8 Tips for Setting Up Continuous Integration in AWSApril 8, 2019 No Comments
Featured article by Tom English, Independent Technology Author
When utilized together, Continuous Integration tools and AWS (Amazon Web Services) can be a killer combination for improving your processes and efficiency. That said, the whole process of getting various software programs to communicate and automating CI in AWS sounds pretty complex right? Not necessarily.It can be relatively simple to set up a CI/CD pipeline on AWS. This article will give you the know-how that you need to get started
Understand the Total Costs of Building and Operating a Pipeline
It’s important to gain an understanding of the different components that exist within AWS and their subsequent costings. AWS is comprised of various different software programs, each of which require separate monthly payments. As a consequence, the cost of running a CI/CD pipeline through AWS can vary quite significantly depending on the specifics. When building your pipeline, you can use Amazon S3, AWS CodeCommit, WS CodePipeline and Amazon EC2. You may want to incorporate all of these or just a select few. However, keep in mind that price models vary. This may or may not be a major factor in your decision to use CI with AWS depending on the scale of your operation and your budget.
Enable Permissions First of All
We don’t want to be teaching you to “suck eggs” here but oftentimes, oversight of a simple process can cause substantial problems and confusion later on. One such oversight is when people do not check the permissions on their AWS account and wind up scratching their heads later when trying to build an effective pipeline. The easiest way to proceed is to head into the AWS Management Console on your account, and select the option “AWS CodePipeline FullAccess”. From there you are ready to proceed in building your pipeline.
Ensure You Have the Latest Version of AWS CLI
AWS CLI is the software program that you need to install, in order to be able to interact with the AWS Codepipeline. The latter only works correctly with certain versions of AWS CLI. As such, you need to ensure that you have the correct version installed. You should install AWS CLI version 1.7.38 or later in order for everything to work smoothly.
Do as Much Background Reading as You Can Beforehand
Before setting up any pipelines or strategies for implementation, ensure that you have a thorough understanding of the AWS platform, what it can do for you, and what you want to achieve. You should already have a good understanding of GIT workflows, and the predominant features of AWS CI/CD (Serverless Framework, S3, Code Pipeline, Code Build). If you have any uncertainties, go back and do more reading.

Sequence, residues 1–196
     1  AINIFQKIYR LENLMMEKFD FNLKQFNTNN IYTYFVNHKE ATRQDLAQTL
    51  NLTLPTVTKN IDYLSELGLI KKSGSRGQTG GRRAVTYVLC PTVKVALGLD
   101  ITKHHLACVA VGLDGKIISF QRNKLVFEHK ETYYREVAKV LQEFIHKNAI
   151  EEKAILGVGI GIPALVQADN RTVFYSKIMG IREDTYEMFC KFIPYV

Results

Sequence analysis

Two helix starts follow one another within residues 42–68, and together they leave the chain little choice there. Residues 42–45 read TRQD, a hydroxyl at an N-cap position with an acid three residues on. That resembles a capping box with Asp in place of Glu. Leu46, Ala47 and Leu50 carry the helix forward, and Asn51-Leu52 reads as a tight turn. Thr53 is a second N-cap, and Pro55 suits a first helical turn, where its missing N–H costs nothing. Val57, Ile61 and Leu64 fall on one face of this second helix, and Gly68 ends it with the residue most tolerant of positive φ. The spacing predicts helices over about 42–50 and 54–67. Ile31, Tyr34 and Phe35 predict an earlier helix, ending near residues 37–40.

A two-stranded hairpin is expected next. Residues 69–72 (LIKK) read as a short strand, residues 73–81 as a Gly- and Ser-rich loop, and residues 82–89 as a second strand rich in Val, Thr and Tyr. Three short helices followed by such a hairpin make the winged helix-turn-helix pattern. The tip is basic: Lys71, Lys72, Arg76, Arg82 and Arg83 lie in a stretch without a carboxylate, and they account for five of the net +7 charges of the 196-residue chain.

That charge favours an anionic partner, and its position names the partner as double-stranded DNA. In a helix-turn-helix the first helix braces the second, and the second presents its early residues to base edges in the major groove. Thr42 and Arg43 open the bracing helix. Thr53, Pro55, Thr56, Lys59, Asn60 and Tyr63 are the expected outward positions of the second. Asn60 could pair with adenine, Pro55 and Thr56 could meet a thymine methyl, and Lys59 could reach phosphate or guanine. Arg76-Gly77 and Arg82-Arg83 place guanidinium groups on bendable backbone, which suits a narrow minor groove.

If you are setting up a bespoke pipeline independently, the last thing you want to do is get part way through setting up something that isn’t perfectly tailored to your needs because you were not aware of some features and aspects. The AWS site has plenty of handy video tutorials and walkthroughs that you can refer to.
Set up S3 Bucket to Store Build Artifacts
The Amazon S3 arm of the AWS system exists with the purpose of storing and retrieving large amounts of data from various sources. Think of it as the cloud for coding if you will. You need to set up an Amazon S3 account and dashboard in order to store build artifacts that you want to use in your coding. Amazon S3 typically requires its individual monthly fee as part of the AWS package, however, there are some “deals” where it is included”.
Use JEST Software to Configure the Testing Environment
If you are implementing a CI framework in AWS, you will surely know that one of the major benefits of doing so is the thorough, automated testing that CI allows. CI testing is infinitely more reliable than manual testing and commences automatically every time a code change is pushed. This makes it easier to identify any potential errors and ensures that codes never make it through to the CD stages without being confirmed as issue free.
Acknowledge that Patience and Time Commitment are Required
Setting up CI in AWS is no walk in the park for most. Many people can feel a little frustrated with this because they have gotten used to different software or testing programs in the past (e.g. Jenkins) and it makes them begrudge having to learn an entirely new set of codes, programs, and frameworks for AWS. Nothing worth doing comes easy, so acknowledge that AWS and its tools may take a little time to get the hang of.
Draw Out a Clear Process Map
Reiterating back to the earlier point about conducting research prior, opting to do so will significantly reduce the stress in implementing and setting up AWS pipelines. If you are clear on all aspects, you will find it easy to draw up a step-by-step process map to assist you on your way to implementation.
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